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FAQs: Transactional/Legal

Updated on April 3, 2020

UPDATE: On Saturday, March 28, the U.S. Department of Homeland Security Cybersecurity and Infrastructure Security Agency (CISA) updated its list of essential services during the coronavirus (COVID-19) crisis and expressly included residential real estate. Since Governor Newsom’s March 4, 2020 order incorporates this list, the order now includes residential and commercial real estate, including settlement services, as essential services in California. However, if a city or county has an order with a more restrictive standard regarding what qualifies as an essential service, or more restrictions on activities, those guidelines will still govern the activities of a licensee. 

Notwithstanding this new development, all real estate licensees must take into account the health and safety of their clients and fellow licensees, and follow the existing protocols for protecting against the spread of COVID-19. If such health safeguards and protocols are not followed, the rule for the state could easily change to stop or restrict all real estate activity.

To that end, in conformity with current health guidelines, real estate licensees should follow all CDC and local health mandates.

1. No open houses should be held.
2. Showings should be done virtually, if at all possible.

For more information read below, and see C.A.R.'s Guidelines for Best Practices.

What unique issues does coronavirus present to the real estate industry?

When an infectious disease, such as coronavirus, has been associated with a specific population or nationality, fear and anxiety may lead to social stigma and potential discrimination. REALTORS® must be mindful of their obligations under the Fair Housing Act and California’s own fair housing laws and be sure not to discriminate against any particular segment of the population. While the coronavirus outbreak began in Wuhan, China, that does not provide a basis for treating Chinese persons or persons of Asian descent differently.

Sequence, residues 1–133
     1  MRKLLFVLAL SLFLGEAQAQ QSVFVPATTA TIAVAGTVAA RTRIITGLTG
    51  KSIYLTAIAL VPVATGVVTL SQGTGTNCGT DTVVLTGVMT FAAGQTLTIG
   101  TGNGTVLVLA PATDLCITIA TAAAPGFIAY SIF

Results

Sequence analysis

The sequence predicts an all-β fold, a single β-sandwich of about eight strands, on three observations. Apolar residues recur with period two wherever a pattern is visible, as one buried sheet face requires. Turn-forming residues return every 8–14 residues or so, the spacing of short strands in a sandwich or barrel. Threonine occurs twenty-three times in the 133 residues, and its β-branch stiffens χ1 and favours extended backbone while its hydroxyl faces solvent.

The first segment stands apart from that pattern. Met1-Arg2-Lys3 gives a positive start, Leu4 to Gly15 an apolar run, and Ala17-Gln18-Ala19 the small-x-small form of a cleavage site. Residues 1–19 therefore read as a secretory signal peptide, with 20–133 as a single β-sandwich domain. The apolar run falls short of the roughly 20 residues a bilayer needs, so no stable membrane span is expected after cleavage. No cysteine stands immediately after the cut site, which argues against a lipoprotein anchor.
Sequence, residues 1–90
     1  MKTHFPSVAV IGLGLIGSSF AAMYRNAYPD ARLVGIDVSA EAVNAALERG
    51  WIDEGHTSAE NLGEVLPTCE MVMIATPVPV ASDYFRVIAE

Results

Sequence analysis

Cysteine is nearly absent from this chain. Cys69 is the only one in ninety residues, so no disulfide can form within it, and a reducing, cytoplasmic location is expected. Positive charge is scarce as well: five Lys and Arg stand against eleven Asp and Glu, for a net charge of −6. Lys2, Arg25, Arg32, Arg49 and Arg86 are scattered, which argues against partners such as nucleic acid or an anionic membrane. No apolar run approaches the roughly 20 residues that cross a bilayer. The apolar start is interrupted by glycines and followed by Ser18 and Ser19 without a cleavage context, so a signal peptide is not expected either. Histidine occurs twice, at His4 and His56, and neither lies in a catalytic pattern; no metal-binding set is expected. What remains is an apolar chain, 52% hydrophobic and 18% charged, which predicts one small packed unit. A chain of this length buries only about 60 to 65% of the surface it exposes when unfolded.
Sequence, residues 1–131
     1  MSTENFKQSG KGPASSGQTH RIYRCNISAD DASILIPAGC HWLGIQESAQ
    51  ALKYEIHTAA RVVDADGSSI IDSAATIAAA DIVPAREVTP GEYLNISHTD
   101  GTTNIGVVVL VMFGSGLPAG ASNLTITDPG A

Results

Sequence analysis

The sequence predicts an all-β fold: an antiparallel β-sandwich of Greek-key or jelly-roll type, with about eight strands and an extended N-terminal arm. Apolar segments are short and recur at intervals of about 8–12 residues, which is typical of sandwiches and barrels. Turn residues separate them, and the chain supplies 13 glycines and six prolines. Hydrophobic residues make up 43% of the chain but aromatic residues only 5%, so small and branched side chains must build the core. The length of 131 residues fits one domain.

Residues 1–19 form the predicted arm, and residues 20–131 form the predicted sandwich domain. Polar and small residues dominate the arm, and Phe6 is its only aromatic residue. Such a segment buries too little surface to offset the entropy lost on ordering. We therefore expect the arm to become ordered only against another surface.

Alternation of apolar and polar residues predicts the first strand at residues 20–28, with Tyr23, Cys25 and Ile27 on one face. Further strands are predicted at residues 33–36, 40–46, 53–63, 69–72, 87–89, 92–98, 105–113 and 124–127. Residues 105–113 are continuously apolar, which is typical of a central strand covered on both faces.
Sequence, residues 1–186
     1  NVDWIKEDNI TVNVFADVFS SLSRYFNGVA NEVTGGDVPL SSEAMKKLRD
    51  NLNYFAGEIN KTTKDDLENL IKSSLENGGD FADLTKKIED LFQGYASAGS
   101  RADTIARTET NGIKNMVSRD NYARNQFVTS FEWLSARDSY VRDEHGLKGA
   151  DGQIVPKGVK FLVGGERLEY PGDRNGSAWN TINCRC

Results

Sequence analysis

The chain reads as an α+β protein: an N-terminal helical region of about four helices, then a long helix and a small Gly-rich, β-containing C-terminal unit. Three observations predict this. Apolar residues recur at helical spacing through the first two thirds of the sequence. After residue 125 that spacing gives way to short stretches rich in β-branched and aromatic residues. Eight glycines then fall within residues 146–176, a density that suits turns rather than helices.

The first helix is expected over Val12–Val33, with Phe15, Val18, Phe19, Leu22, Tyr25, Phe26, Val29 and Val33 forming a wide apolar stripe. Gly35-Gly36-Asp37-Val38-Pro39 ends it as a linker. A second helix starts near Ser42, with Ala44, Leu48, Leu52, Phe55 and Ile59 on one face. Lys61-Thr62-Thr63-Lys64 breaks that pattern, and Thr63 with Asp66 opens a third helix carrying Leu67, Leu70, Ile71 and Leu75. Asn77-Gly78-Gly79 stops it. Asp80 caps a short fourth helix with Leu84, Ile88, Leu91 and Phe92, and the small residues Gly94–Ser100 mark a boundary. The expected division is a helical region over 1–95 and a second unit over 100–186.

Can I hold open houses right now?

No. Even though certain real estate activities may be allowed, no open houses are to be held at this time to comply with local, state, and federal guidelines.


What exactly does the Residential Listing Agreement (RLA) authorize and permit in terms of marketing the property?

Paragraph 7 of the Residential Listing Agreement establishes the basic duties of the broker and seller. Paragraph 7A authorizes the broker to market the property by any method selected by broker, unless seller gives broker written instructions to the contrary. In paragraph 7B, the seller agrees to make the property available for showings, but that obligation is limited by the seller’s duty to act in good faith to accomplish the sale of the property. Given the current environment surrounding COVID-19, a seller’s legitimate concerns about strangers entering the property would most likely be a good faith objection to that marketing practice.


In order to address these specific concerns, C.A.R. has created the new form RLA-CAA, the Listing Agreement Coronavirus Addendum or Amendment. This form can be added to new and existing Residential Listing Agreements (or any listing agreement) to clarify the rights, responsibilities, and obligations of both the seller and listing broker. More information about this form can be found here.

Can an agent inform their older clients of the governor’s recommendation to self-quarantine for those aged 65 or older?

Yes. Governor Newsom has suggested Californians take extensive precautions to avoid the spread of the coronavirus including the self-isolation of those aged 65 or over, as well as those with pre-existing conditions. The real estate licensee may bring this issue up with seller clients. As real estate licensees have a relationship with the community at large, informing sellers who are 65 or over of the self-quarantine guideline provides a service not only to the client but the public.